Even their work ethic would fall under the microscope. Some had the point of view that they would only use all of that skill they had when it suited them. If they were in the mood, they could be 50 goal scorers. If they weren’t in the mood, they looked like they were just killing time.
Alex Mogilny fought this while he was in Vancouver. It was alleged by some that he played his hardest and scored 55 goals in a contract year, and then tapered off considerably in the following years after he had signed a big one.
Pavel Bure had his share of critics too, but not for his play, more for his general attitude. On the ice he was dynamic and constantly brought fans to their feet. But the Canucks pride themselves on being extremely active in the community, particularly with Canuck place. Apparently he rarely visited, and that didn’t sit well with many.
Are these critiques too harsh, or is there merit to them?
The Modern Day Examples
Looking at the present day, Alex Ovechkin is probably the Russian that comes under most scrutiny. He doesn’t do himself a lot of favours, he constantly draws attention to himself as an individual though he is playing on a team sport. And it’s not endorsements, people don’t mind that. It’s his constant need to stand out. If it’s not a dumb special visor, it’s special skates with blades that have flames on them or laces no one else is wearing. He just can’t seem to stop saying “Hey everyone, look at me.”
On the ice the Mogilny comparisons kick in. Ovechkin scored 50+ for 5 years, then dropped into the 30 goal range for a couple years. 30 odd goals is great for most players, but Ovechkin isn’t in the “most players” category. With his unbelievable talent there is no reason for him to not be flirting with 50 goals every year until his skills start to decline, as they do with all great players. So was that the case, is he just on the inevitable downswing now? Well he scored 51 last year, so it seems he still has the skills in him when he wants to use them.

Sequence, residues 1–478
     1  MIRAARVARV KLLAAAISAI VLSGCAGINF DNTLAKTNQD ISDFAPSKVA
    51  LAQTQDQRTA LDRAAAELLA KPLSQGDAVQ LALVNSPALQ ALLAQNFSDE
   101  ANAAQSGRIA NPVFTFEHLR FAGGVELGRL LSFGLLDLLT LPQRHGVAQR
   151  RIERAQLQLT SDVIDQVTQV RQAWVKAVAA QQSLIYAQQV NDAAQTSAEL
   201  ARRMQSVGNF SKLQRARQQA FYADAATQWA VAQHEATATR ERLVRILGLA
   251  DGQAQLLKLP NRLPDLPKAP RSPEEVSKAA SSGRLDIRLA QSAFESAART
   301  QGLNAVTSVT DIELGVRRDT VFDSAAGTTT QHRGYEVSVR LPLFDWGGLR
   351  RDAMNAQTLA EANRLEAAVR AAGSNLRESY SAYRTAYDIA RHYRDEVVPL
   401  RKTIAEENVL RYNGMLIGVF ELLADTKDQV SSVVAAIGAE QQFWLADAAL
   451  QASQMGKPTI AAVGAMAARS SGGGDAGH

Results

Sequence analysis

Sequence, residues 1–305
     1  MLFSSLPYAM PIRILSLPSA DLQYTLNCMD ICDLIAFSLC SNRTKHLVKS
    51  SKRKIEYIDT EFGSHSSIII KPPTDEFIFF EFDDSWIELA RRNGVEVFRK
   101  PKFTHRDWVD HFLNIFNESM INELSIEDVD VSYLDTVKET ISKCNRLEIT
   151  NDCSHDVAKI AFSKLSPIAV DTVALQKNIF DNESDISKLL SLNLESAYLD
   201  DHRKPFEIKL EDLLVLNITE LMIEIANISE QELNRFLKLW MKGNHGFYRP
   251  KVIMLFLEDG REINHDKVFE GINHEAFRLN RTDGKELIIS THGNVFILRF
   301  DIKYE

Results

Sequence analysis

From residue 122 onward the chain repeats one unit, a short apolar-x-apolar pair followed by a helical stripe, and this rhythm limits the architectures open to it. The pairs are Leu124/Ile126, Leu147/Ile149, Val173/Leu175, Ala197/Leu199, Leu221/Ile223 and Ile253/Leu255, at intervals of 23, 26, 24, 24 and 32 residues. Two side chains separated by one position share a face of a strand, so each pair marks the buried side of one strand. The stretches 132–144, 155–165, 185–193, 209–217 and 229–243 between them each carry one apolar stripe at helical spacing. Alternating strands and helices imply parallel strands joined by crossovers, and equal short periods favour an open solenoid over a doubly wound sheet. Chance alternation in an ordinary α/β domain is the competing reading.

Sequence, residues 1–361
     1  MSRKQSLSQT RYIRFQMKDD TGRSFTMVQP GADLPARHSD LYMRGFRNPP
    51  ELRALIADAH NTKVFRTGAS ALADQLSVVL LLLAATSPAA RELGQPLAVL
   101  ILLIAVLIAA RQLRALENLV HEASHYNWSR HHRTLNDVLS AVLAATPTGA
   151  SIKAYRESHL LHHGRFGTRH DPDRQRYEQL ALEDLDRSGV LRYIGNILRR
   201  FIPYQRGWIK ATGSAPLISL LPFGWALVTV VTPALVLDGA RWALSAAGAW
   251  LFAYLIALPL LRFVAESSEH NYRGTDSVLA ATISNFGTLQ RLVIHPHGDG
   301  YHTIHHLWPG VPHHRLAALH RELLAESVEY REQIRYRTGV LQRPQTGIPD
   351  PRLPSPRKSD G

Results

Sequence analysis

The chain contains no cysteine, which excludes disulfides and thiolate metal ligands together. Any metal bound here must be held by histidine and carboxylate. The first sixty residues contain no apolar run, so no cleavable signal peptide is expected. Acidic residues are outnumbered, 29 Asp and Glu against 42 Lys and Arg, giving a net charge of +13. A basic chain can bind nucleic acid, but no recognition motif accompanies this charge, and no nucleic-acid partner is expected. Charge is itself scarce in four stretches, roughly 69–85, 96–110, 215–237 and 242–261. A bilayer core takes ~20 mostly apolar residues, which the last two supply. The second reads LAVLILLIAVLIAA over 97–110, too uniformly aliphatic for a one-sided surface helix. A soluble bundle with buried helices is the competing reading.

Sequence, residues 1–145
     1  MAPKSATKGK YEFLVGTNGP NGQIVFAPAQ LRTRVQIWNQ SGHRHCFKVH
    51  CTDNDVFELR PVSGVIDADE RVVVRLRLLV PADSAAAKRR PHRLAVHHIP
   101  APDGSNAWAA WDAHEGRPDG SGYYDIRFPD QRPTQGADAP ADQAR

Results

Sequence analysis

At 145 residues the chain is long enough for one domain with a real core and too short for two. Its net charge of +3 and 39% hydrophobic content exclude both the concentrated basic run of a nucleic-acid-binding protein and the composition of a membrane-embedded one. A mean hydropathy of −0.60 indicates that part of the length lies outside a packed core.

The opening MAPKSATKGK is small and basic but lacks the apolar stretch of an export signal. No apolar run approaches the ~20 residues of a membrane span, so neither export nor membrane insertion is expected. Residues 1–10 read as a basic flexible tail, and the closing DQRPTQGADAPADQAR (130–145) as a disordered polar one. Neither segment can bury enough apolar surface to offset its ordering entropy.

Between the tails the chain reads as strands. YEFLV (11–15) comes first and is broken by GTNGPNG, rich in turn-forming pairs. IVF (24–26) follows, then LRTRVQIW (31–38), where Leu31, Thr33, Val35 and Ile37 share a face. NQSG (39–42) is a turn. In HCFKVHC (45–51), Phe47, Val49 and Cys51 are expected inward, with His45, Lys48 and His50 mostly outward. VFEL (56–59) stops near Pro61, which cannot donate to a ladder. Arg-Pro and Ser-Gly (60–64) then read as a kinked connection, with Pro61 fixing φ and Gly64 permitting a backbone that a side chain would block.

Whether or not it’s right, Russian players who don’t get saddled with these generalizations seem to be exeptions to the rule, Pavel Datsyuk being one of them. Not many people have a problem with how he plays the game and would gladly have him on their team.
People say that this disparagement of Russians is inaccurate, that they don’t see these criticisms handed out to Canadian or American players. Well there are others for certain, Ryan Kesler doesn’t have the best reputation as a teammate, nor does Patrick Kane. Mike Ribeiro is another.
Russian players have contributed heavily to the game and have provided some of its great highlights. But when the topic of lack of team play or chemistry comes up, it’s most often the Russians who take the brunt of the criticism.
So is it fair, or are Russian hockey players unfairly criticized?
Darrin Hayes is a regular contributor for the Vancouver Canucks on TheHockeyWriters.com. Follow Darrin on Twitter @HayesTHW or on Facebook via TheHockeyWriters fan page.